Sunday, December 27, 2015

Family Goodbyes

Our Lady of Lourdes Church,
Lourdes, Iowa
My mother came from a large family; she grew up somewhere in the middle of a group of twelve (plus two more who died in infancy). Consequently, family gatherings when I was a child were large, boisterous. After she died, I didn't see these relatives often, reconnecting just in the last ten years or so.

Last week, word came that one of her four remaining siblings had died. I hadn't seen Aunt Roselyn in at least thirty years, but remember their home as a happy one; filled with good feelings when we came to visit.

When I stopped by my brother's house to bring Christmas cookies, he asked if we could alter our travel plans and leave a day early to attend the funeral, which was last Wednesday. At first, I said no. Too busy, new job, no vacation, long time no contact, etc., etc. He was OK with that. But then I stopped. My excuses glared, tinny and fake, as just that - excuses. There was no real reason I couldn't or shouldn't go, and so we went.

Those of my aunts, uncles and cousins who could make it were there, along with her friends, her children, grandchildren and great-grandchildren. All were sad, but for ourselves left behind, not for her. Her last years were filled with the confusion of dementia - she has gone home to see her siblings and husband, to garden in Peace.

Her funeral was in a small country church in north central Iowa. The second Vatican council passed the church by - her side altars, large central edifice and communion rails remain intact. The church is near where my mother grew up, many of the aforementioned family gatherings were held in the church hall.

As all were gathered for the post-funeral luncheon in the old school gym / parish hall, I stopped at the top of the wide old oak stairs leading down into the room, transported for a moment back through the years to the gatherings I'd attended there as a child. I shook my head to clear it and joined the crew, to find my cousins had experienced the same sense of deja-vu. We shared memories and stories of the days we played in classrooms in the upstairs hall. Do you suppose the classrooms were still there? The front stair was locked, but didn't that door next to the kitchen lead to another staircase? We tried the door, and it was indeed unlocked. The old worn treads were covered in dust, otherwise untouched by time. Memory led us upwards and we found ourselves in the single hallway that had served as a small country school. Now used for some sort of classes and religious ed, the only things missing were the shelves and coat hooks that once graced the hallway. The shadowy dark seemed fitting as we peered through the glass on the doors to look at the old desks and chalkboards, beckoning with their almost-forgotten memories of afternoons spent making up games to stave off boredom while waiting for the grownups to finish eating and talking.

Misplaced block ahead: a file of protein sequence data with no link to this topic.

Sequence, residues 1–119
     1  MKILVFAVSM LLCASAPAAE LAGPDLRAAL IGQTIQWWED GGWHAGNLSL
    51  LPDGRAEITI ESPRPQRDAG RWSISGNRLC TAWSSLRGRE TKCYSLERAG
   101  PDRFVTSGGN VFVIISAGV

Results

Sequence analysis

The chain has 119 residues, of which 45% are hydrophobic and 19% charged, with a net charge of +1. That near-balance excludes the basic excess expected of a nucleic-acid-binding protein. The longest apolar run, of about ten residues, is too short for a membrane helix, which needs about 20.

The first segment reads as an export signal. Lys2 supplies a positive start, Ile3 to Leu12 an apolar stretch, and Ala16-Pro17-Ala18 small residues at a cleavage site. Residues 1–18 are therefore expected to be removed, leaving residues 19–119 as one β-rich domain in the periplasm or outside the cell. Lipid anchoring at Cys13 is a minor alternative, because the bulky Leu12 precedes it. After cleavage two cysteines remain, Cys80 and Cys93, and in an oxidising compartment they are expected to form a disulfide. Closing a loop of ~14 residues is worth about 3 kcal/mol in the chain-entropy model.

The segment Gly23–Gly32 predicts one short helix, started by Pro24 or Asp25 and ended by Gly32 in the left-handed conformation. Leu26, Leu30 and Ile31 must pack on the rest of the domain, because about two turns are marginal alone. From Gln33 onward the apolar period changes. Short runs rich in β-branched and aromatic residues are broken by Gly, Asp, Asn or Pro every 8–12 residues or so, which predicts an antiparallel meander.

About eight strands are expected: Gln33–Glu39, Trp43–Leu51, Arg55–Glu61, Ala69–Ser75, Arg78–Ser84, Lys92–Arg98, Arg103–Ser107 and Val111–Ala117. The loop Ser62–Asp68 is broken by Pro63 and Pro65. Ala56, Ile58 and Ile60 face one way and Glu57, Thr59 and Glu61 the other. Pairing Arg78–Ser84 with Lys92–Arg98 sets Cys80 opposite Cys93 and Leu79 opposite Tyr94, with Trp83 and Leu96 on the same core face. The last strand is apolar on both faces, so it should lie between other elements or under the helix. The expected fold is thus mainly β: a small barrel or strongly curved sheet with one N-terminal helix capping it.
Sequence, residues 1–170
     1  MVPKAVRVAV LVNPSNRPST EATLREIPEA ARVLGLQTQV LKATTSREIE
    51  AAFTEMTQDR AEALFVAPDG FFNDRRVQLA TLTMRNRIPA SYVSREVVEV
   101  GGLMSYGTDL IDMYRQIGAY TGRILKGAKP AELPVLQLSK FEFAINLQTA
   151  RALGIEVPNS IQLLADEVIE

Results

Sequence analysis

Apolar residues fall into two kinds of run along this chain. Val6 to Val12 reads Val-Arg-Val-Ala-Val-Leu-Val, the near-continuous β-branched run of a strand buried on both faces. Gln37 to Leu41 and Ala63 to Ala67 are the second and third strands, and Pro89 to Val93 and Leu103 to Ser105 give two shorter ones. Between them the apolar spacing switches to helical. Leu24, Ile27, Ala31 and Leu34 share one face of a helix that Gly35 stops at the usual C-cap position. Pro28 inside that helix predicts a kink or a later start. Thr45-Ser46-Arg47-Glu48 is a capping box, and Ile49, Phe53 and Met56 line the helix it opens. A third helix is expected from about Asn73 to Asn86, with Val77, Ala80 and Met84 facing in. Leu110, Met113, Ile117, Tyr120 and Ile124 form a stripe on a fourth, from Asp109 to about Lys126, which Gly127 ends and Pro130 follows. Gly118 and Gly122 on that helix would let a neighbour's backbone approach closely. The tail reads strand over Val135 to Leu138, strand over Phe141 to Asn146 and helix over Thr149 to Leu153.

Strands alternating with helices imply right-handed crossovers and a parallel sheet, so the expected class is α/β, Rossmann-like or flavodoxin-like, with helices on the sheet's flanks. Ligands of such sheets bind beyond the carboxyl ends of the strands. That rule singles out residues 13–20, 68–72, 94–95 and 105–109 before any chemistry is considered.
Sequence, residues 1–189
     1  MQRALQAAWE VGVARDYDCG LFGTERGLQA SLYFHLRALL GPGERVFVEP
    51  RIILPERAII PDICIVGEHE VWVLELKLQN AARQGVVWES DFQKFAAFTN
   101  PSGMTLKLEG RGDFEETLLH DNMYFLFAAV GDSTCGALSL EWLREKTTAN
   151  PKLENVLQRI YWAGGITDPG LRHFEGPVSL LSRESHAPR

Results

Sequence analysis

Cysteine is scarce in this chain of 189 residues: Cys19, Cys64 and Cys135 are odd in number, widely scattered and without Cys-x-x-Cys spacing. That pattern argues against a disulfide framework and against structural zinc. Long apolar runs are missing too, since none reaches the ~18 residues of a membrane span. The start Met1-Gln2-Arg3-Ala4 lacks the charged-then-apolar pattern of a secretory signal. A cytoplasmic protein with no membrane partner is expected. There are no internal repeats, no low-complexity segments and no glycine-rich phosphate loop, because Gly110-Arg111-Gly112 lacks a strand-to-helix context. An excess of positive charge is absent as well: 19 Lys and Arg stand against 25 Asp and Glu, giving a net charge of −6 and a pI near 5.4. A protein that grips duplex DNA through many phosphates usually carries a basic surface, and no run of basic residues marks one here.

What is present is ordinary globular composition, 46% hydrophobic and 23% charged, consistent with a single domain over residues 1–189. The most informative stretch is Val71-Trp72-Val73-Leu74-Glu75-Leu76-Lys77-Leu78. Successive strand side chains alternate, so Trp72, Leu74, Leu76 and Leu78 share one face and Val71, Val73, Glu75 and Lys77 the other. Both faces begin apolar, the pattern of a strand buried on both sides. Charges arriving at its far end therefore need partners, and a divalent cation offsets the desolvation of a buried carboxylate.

As my brother and I pulled away to resume our journey to Minnesota for Christmas, I found myself glad I had taken the time to come to say goodbye. I've traveled far from those uncertain days - it's good for me to revisit them now and again; to reframe the shadows; to share the stories.

Aunt Roselyn, rest in Peace. (and say 'hi' to Mom, eh?)

Monday, December 14, 2015

Christmas Cactus

I have to admit, I stole it. Even though its owner was sitting right there. It was clearly unloved and neglected, down to just three leaves, those more gray than green.

This was several years ago at work. I'd stopped by to talk to my friend Anita. As we chatted, my eyes wandered around her cube, finally lighting on the saddest excuse for a Christmas cactus I'd ever seen.

When we finished talking, I scooped up the plant and told her I was taking it to intensive care - she could have it back when it had a fighting chance to live. She didn't try to stop me.

I put the poor thing on my windowsill (I rated a cube with a window in those days) and tenderly nursed it for several months. It was slow to respond. but that ghost of green never went away, and eventually became stronger, spreading through the leaves until they were healthy and shiny again.

It took a while longer for it to be brave enough to put out new sprouts; to regain enough strength and trust to grow. At this point my conscience started bothering me, so I took the plant back down the aisle and offered it back to Anita, who graciously declined. She was not a bad sort, but her spot in the office just didn't offer the right sort of light for the plant to live.

Not at all sorry, I took it carefully back to my desk, and continued to water it and watch it grow. My little spot of green. It took at least another year, but the plant rewarded me with two brilliant red blossoms one dreary fall week.

When I left AT&T, the plant came with me. (Of course!) When I left home for my trip, I reluctantly handed it off into foster case - I knew it wouldn't thrive in the uncertain environment of the camper van. When I came home, I got it back - still healthy and green - moved it into my condo, then into my new house. It's still not fond of moving; not quite certain yet of this place. The light isn't quite right, and I haven't been able to find the perfect spot for it.

Still, now and again, it blooms. On its own schedule, watching the clock of Christmas in a world tied to ours but not visible to my senses or calendar.